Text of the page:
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Small Is Beautiful, 25th Anniversary Edition: Economics As If People Mattered: 25 Years Later . . . With Commentaries Paperback – June 15, 2000

4.4 out of 5 stars 47 customer reviews

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Editorial Reviews

About the Author

E. F. SHUMACHER (1911-1977) was a Rhodes Scholar in economics and the head of planning at the British Coal Board. He was also the president of the Soil Association and the founder of the Intermediate Technology Development Group.
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Product Details

  • Paperback: 286 pages
  • Publisher: Hartley and Marks Publishers (June 15, 2000)
  • Language: English
  • ISBN-10: 0881791695
  • ISBN-13: 978-0881791693
  • Product Dimensions: 9.3 x 7.4 x 0.9 inches
  • Shipping Weight: 1.2 pounds
  • Average Customer Review: 4.4 out of 5 stars  See all reviews (47 customer reviews)
  • Amazon Best Sellers Rank: #388,210 in Books (See Top 100 in Books)

Customer Reviews

Top Customer Reviews

Format: Paperback
When I was a student at Brigham Young University in the early 80's, I was introduced by my macroeconomics professor to what many economists of the time considered to be the "great heresy of economic theory." - a copy of Small is Beautiful. He warned me that quoting it in research papers would be most unwise, as the BYU economics department was, and continues to be, a strong proponent of the current economic orthodoxy of infinite economic growth and prosperity that dominates economics even today. He finished by saying that "Schumacher was a radical, no doubt about it. However, he will also turn out to be right in the end."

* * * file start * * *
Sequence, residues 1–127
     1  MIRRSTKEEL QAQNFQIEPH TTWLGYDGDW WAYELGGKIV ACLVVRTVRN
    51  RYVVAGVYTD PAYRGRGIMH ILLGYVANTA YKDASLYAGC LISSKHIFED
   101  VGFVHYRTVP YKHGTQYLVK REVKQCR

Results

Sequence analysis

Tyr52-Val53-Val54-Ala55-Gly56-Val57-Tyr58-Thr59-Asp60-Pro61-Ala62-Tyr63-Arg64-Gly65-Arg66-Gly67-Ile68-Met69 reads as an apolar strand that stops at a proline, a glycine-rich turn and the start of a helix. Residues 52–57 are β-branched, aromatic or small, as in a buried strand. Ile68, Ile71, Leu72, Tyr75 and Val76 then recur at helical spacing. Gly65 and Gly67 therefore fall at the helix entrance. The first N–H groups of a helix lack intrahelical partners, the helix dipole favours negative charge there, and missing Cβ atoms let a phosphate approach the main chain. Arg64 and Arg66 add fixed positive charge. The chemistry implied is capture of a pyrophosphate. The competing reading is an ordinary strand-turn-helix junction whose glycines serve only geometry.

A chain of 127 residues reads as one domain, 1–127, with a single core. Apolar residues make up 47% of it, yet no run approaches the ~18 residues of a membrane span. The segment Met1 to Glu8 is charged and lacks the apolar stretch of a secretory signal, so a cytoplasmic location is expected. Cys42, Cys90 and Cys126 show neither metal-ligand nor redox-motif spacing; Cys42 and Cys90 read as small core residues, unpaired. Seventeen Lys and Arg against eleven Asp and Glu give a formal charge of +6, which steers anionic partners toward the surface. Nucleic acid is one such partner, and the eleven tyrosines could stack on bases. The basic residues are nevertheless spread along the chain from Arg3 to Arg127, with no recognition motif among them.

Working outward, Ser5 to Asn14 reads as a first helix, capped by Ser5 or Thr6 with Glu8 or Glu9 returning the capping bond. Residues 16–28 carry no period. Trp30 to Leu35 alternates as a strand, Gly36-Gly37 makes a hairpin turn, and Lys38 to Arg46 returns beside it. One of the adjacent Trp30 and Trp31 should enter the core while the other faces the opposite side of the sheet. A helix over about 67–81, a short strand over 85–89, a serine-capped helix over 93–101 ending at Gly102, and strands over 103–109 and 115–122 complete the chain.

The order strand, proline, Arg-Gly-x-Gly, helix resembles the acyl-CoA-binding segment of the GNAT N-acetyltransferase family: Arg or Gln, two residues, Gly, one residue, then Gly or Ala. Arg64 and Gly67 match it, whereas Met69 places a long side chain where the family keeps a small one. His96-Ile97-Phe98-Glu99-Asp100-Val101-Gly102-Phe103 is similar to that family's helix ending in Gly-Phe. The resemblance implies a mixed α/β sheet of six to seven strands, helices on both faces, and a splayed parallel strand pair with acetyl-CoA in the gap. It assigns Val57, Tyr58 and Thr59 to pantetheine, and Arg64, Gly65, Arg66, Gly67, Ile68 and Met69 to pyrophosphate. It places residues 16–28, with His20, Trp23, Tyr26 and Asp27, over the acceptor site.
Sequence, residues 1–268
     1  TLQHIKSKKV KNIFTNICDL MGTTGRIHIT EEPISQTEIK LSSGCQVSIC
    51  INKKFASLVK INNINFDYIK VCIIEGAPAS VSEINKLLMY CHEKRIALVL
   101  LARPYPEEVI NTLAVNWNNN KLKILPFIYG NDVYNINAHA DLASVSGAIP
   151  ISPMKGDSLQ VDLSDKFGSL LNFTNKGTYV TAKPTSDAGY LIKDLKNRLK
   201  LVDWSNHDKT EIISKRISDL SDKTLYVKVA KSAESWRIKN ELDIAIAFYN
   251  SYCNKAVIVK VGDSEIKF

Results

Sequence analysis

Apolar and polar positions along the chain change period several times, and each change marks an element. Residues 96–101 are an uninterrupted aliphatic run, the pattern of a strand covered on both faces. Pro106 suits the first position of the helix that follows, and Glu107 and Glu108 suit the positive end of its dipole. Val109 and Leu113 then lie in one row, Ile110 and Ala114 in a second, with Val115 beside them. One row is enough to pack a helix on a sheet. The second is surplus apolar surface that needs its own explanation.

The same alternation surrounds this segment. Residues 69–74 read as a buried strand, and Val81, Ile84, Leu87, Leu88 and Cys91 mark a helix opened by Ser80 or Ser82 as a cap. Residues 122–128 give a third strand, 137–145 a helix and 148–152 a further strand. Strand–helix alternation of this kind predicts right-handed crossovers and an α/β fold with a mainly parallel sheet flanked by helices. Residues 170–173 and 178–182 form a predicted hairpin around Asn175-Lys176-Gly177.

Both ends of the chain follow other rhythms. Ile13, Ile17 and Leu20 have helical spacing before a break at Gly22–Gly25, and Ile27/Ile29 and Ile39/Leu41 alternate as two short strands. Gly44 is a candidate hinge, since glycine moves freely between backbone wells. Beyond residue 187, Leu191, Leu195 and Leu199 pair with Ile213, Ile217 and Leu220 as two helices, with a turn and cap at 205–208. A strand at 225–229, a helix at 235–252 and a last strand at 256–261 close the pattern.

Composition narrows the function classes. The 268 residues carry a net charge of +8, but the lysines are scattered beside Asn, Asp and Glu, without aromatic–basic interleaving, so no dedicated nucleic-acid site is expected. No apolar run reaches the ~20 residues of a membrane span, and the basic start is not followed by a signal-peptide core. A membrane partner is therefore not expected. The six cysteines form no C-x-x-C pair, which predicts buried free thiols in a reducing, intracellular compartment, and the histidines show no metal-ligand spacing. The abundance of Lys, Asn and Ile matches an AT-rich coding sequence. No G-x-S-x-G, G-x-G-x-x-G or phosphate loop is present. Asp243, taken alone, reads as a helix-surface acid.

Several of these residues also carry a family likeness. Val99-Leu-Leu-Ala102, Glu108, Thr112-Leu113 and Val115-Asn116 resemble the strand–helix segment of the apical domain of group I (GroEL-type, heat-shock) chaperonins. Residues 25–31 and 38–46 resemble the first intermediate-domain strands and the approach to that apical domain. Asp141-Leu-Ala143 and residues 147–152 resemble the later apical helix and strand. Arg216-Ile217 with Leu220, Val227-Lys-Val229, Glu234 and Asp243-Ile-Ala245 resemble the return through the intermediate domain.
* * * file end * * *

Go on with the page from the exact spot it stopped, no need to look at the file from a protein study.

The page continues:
Truer words were never spoken. There are those who will point out detail errors in Schumacher's work. The book was, after all, written over 25 years ago, and Schumacher would never have considered himself a prophet. Yet the central theme of his work, that infinite economic growth is impossible within a finite system, and the inevitable consequences of ignoring this simple truth have been fully vindicated. Even the most orthodox economists are beginning to see the disasterous environmental and social consequences of their economic policies over the last 50+ years, which Schumacher describes in detail, and warn policy makers that major changes must be made. Schumacher also proposed a highly effective and practical method, Intermediate Technology, to help impoverished and developing nations make the best possible use of modern scientific and technological advances, without the vast (and for countless millions in the world impossible) financial investments and ecological/social consequences. In 1965 Schumacher and a few friends started the Intermediate Technology Development Group ...which continues to develop practical applications of his ideas in the developing world.
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Format: Paperback Verified Purchase
In my college days I struggled with economics and barely passed. My economic professors and the course material were dull, ambiguous, and non-stimulating. None of these adjectives could be used to describe Schumacher's Small is Beautiful: Economics as if People Mattered.